I have yet to read an article with accurate statements regarding the issue. Few cite how 2 wheelers in general make up what ends up to be a rounding error of a percentage of total emissions for stationary and mobile energy production (and even a tiny percentage for all mobile emissions). And they don't account for life-cycle costs such as production, shipping, disposal and that motorcycles end up resulting in less crank case oil burned after it's disposed of. Articles like that are perfect for the average lifestyle section reader that usually doesn't finish the article let alone think critically about the subject.
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Brad
PostPosted: Wed Jun 18, 2008 10:34 am  Reply with quote
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I agree that all four-strokes are not equal. I suspect that my 2002 Bajaj is not as clean as it used to be, now that I have a pipe on it and have mucked with the carb jetting.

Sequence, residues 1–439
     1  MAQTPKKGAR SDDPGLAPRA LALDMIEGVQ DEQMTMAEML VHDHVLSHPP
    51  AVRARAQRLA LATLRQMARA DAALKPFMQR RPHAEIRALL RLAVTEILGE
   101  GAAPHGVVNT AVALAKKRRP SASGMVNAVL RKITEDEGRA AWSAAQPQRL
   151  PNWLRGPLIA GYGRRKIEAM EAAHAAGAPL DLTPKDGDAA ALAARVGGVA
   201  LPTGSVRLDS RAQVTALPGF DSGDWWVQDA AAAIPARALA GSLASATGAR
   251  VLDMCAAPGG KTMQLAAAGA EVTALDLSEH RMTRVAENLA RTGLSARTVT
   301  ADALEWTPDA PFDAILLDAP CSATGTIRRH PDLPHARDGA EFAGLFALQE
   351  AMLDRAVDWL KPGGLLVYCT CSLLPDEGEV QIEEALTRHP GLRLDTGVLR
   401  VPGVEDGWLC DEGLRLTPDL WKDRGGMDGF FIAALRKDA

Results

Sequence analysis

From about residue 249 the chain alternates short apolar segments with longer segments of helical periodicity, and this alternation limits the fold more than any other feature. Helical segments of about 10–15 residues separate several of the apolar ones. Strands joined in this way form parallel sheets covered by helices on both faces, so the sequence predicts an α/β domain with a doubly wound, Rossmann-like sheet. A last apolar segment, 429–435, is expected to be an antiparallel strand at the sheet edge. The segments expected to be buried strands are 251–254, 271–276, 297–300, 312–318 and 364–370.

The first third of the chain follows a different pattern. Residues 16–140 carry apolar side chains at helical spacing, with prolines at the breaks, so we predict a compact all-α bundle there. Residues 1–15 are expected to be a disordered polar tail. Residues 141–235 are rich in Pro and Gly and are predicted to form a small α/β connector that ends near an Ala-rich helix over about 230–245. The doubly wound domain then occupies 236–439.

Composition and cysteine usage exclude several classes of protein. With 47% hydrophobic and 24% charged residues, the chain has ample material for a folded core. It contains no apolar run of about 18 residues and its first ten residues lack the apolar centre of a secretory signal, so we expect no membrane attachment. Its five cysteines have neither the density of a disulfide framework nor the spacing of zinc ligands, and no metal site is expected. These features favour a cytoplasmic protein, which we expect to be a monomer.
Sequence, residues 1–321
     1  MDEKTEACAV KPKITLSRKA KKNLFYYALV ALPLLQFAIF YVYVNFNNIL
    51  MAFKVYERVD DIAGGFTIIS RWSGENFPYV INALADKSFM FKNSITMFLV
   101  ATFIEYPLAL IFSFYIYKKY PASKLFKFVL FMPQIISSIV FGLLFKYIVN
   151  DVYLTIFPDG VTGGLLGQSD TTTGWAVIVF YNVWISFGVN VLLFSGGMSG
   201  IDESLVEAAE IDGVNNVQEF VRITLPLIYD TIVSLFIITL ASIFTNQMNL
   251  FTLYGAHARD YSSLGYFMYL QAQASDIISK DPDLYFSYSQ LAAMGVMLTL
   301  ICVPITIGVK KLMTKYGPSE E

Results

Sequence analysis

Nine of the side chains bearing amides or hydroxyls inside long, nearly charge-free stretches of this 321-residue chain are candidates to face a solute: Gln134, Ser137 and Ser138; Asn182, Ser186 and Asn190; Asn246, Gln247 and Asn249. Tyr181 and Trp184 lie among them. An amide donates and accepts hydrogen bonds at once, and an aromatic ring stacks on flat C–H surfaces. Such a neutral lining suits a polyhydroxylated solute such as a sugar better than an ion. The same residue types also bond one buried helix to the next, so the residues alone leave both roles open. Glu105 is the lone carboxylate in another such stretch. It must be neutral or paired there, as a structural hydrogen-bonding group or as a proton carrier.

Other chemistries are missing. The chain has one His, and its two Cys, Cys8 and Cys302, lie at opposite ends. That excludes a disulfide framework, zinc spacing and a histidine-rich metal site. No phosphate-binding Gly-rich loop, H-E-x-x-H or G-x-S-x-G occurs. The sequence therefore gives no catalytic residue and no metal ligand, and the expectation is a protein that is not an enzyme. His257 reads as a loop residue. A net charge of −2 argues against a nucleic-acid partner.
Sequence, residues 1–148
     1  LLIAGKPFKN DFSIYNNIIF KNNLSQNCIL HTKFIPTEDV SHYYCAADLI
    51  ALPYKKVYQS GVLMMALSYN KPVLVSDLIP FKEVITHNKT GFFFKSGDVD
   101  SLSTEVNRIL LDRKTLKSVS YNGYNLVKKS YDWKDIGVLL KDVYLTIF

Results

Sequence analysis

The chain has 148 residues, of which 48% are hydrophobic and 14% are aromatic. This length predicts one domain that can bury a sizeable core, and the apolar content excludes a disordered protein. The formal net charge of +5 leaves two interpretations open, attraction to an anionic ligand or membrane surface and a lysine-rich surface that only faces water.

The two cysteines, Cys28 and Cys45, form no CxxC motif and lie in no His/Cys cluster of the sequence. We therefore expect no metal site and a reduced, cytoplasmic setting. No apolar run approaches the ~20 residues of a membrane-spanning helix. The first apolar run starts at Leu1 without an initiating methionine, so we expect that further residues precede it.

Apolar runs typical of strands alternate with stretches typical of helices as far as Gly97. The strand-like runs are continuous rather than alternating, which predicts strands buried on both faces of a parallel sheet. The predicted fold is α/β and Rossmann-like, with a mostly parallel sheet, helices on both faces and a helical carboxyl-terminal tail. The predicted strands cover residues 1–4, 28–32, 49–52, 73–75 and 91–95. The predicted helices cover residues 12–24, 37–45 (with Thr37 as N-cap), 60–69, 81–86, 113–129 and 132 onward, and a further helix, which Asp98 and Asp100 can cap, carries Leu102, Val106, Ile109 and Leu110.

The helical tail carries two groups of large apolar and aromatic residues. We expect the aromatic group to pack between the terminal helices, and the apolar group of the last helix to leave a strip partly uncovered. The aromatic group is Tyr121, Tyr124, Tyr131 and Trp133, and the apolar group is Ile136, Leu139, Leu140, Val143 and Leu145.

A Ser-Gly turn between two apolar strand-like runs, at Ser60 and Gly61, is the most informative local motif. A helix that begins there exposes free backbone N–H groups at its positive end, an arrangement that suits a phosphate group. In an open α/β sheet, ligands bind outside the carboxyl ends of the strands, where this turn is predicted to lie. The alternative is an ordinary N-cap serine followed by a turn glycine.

But the new Euro 3 emission compliant scooters are trickling in. With the fuel injection and controls they got to be better yet. Vespa GTS is in this category. My buddy just bought a Daelim S1 125 with fuel injection from Blue Cat. Kymco and Yamaha FI scooters are coming.

It's kind of a bummer that the world doesn't agree on gas formulation and emission standards. It's got to be costly for manufacturers and we don't get all of the good stuff, like the 3 cylinder turbo-diesels from Volkswagon that get 70 mpg.

Brad

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DriveIn
PostPosted: Wed Jun 18, 2008 12:50 pm  Reply with quote
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It seems that it is not what comes out of the rear end, but how much comes out fo the rear end. Pound for Pound, an SUV that only gets 15 mpg is still no comparison to a scooter that gets 65 mpg or better. It's as much a matter of consumption as it is the pollution control gadgetry. I would think two strokes consume oil the same as a worn out motor that burns it past the pistons, cylinder liners, and leaky valve stems.